Barriers to justice hold back disabled

Posted on May 29, 2009 in Equality Debates, Inclusion Debates – Opinion – Barriers to justice hold back disabled
May 29, 2009.   Carol Goar

By 2025, every public courthouse in Ontario must be barrier-free.

It’s government policy, the will of the judiciary, perhaps even a sign of the times. “We’re dealing with some courthouses that are really old and decrepit, but disability issues are being taken seriously,” said Justice Anne Molloy. “I think we’ll see some improvement in the short term.”

But even when the last ramp is built and the last Braille nameplate mounted, Ontarians with disabilities will face barriers. They won’t be physical. But they’ll be every bit as formidable as a flight of steps or a dark corridor.

This week the Law Society of Upper Canada hosted a two-hour symposium to highlight some of those impediments. They ranged from the high cost of litigation to the destructive meddling of politicians.

To the surprise of organizers, the audience also got a brief glimpse of the justice system through the eyes of someone who is disabled, poor, alone and caught in a bureaucratic nightmare.

An apologetic senior showed up at the symposium as a last resort. “This wheelchair just cleaned me out,” she explained.

Public health authorities had ordered her to buy a wheelchair or move into a nursing home. So she spent all her savings, believing government assistance would be available. But her application was turned down.

She didn’t know what she’d done wrong. She couldn’t afford a lawyer. And she had no idea how the courts worked. “Am I eligible for help?” she asked piteously.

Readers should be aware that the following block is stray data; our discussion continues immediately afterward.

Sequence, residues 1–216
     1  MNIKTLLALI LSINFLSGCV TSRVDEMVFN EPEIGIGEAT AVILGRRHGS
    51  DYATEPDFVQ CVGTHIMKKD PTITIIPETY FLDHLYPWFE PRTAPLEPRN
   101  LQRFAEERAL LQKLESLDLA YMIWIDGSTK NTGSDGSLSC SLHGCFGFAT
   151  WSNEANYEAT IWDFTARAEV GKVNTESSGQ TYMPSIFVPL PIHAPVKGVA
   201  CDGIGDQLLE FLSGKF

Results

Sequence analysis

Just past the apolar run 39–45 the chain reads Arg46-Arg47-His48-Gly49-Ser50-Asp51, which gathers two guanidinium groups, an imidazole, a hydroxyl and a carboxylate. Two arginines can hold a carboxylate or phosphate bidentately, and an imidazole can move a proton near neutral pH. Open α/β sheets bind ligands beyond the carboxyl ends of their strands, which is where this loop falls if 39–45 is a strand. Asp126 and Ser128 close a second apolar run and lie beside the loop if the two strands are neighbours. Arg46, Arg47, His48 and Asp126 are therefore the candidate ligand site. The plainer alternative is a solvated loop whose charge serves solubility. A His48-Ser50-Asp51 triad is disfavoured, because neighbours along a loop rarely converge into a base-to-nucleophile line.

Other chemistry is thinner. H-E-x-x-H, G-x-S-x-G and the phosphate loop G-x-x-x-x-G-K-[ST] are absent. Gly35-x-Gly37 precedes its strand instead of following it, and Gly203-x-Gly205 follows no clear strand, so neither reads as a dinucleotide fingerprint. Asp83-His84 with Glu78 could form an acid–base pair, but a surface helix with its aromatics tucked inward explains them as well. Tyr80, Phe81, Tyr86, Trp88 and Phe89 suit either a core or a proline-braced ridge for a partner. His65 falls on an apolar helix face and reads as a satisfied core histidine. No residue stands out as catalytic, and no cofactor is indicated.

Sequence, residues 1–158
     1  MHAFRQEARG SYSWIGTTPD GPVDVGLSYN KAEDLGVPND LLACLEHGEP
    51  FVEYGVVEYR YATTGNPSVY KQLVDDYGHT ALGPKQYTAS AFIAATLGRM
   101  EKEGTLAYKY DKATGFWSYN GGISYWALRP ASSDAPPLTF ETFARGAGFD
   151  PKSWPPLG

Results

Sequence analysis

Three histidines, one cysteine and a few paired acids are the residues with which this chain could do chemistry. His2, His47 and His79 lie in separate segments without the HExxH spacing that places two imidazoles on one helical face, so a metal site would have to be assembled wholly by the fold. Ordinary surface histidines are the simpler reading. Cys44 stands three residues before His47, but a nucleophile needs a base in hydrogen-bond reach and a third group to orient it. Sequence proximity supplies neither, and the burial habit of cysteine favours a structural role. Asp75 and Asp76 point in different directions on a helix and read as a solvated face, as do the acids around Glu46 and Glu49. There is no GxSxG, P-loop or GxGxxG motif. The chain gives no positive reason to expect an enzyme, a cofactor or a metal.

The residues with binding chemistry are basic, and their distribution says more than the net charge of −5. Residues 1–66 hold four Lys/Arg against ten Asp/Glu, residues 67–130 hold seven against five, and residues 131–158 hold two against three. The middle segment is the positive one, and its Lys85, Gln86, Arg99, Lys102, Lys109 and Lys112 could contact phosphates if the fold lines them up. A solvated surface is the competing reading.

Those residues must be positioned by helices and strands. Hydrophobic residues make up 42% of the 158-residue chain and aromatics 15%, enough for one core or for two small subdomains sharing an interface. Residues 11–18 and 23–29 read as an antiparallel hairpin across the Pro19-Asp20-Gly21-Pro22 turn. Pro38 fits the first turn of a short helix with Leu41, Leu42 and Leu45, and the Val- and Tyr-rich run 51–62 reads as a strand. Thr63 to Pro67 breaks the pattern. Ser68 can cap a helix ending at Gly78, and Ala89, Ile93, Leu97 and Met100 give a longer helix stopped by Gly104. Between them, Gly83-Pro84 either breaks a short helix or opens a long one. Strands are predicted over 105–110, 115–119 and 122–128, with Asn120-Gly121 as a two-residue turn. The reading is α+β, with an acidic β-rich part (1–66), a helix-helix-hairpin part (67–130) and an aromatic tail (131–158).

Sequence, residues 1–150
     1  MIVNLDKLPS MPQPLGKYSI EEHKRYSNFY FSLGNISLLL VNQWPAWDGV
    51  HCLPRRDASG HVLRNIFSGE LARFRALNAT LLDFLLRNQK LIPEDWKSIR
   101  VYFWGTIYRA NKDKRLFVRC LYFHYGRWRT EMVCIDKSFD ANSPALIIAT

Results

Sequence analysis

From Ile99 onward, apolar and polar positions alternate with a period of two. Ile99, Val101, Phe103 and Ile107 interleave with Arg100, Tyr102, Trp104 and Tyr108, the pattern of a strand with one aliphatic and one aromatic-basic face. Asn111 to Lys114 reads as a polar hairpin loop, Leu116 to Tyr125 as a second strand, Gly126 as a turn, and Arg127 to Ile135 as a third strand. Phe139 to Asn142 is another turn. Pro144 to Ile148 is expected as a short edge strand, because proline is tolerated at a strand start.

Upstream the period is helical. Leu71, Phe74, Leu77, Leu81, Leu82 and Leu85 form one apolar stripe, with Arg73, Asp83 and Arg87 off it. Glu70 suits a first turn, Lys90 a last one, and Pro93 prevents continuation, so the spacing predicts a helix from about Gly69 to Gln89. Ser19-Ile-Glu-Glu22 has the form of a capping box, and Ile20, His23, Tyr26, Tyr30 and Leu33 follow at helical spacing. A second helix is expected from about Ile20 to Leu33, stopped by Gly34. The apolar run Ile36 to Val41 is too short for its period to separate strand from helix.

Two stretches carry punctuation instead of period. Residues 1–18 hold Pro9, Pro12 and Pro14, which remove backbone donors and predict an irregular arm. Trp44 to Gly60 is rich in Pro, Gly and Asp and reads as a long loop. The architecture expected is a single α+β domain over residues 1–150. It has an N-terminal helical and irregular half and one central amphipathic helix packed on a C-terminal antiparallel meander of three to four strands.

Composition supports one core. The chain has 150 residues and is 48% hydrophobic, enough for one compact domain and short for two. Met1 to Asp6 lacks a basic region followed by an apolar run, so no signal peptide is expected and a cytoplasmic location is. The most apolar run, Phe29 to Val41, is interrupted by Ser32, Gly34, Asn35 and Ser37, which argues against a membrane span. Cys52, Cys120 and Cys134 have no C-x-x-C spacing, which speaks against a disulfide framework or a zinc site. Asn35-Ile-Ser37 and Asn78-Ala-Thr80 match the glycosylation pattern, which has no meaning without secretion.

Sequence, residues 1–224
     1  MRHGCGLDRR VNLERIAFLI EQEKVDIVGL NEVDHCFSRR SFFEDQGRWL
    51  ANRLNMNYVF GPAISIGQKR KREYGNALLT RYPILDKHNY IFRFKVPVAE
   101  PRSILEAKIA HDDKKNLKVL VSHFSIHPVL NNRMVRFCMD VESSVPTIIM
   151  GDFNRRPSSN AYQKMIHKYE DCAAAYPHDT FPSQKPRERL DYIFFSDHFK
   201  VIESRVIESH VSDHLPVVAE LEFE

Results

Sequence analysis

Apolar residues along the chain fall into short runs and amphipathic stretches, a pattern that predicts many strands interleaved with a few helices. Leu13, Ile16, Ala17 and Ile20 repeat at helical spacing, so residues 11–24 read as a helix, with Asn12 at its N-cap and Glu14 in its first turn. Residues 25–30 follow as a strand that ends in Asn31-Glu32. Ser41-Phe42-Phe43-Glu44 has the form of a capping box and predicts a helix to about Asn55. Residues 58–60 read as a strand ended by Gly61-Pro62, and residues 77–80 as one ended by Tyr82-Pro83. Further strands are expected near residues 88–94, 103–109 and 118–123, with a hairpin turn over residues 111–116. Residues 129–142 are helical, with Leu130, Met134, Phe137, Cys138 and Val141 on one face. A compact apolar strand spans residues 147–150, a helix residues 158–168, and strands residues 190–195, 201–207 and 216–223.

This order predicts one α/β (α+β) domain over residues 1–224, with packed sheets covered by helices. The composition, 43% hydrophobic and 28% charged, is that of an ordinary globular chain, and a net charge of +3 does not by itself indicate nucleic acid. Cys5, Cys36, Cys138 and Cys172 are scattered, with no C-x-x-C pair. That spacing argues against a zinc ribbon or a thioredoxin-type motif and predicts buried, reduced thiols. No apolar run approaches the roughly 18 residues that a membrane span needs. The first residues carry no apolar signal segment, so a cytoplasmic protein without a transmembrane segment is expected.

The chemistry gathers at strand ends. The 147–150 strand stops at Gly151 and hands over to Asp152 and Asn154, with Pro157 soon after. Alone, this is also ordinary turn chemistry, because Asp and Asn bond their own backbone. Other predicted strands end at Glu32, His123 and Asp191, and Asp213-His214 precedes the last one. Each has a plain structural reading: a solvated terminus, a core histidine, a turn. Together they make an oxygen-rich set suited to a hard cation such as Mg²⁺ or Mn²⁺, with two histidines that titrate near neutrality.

Legal aid clinics serve thousands of people like her. But most Ontarians with disabilities give up, back down, do without.

For two hours, a panel of legal experts steered the audience through the obstacle course disabled Ontarians seeking justice must negotiate. Here are a few of the stumbling blocks:

Legal costs: Under court rules, the losing party in a lawsuit bears both sides’ costs. This makes litigation much too risky for people with disabilities.

Until recently, the federal government provided financial assistance to Canadians of limited means seeking legal equality. This led to groundbreaking jurisprudence.

Prime Minister Stephen Harper killed the Court Challenges Program in 2006.

Proliferating tribunals: Many of the issues that directly affect people with disabilities are decided by quasi-judicial bodies such as the Ontario Human Rights Tribunal, the Ontario Social Benefits Tribunal, the Workplace Safety and Insurance Appeals Tribunal and the Landlord and Tenant Board.

In theory, an individual does not need a lawyer to appear before these tribunals. In fact, most people with disabilities need one.

Only one tribunal – the Ontario Human Rights Tribunal – provides free legal counsel. Applicants who need advice or representation have access to lawyers, paralegals and phone support.

Conservative leadership contender Tim Hudak is campaigning to eliminate it.

Legal representation: Very few lawyers are trained to deal with clients who have difficulty expressing their wishes or judging what’s in their own best interest. A lawyer is not a substitute decision-maker. But he or she must represent the client as effectively as possible.

This may involve asking the court to make expensive accommodations. It may involve preparing a case without knowing how coherent the client will be. It may involve managing family tensions.

Ethically, it is a minefield. Emotionally, it is draining. The remuneration is modest.

Not surprisingly, disability law is underdeveloped in Canada.

There is a clear guiding principle. Section 15 of the Charter of Rights states that “every individual has the right to the equal protection and equal benefit of the law without discrimination and, in particular, without discrimination based on race, national or ethnic origin, colour, religion, sex, age, or mental or physical disability.”

But it is hard to keep it in sight with so many obstructions in the way.


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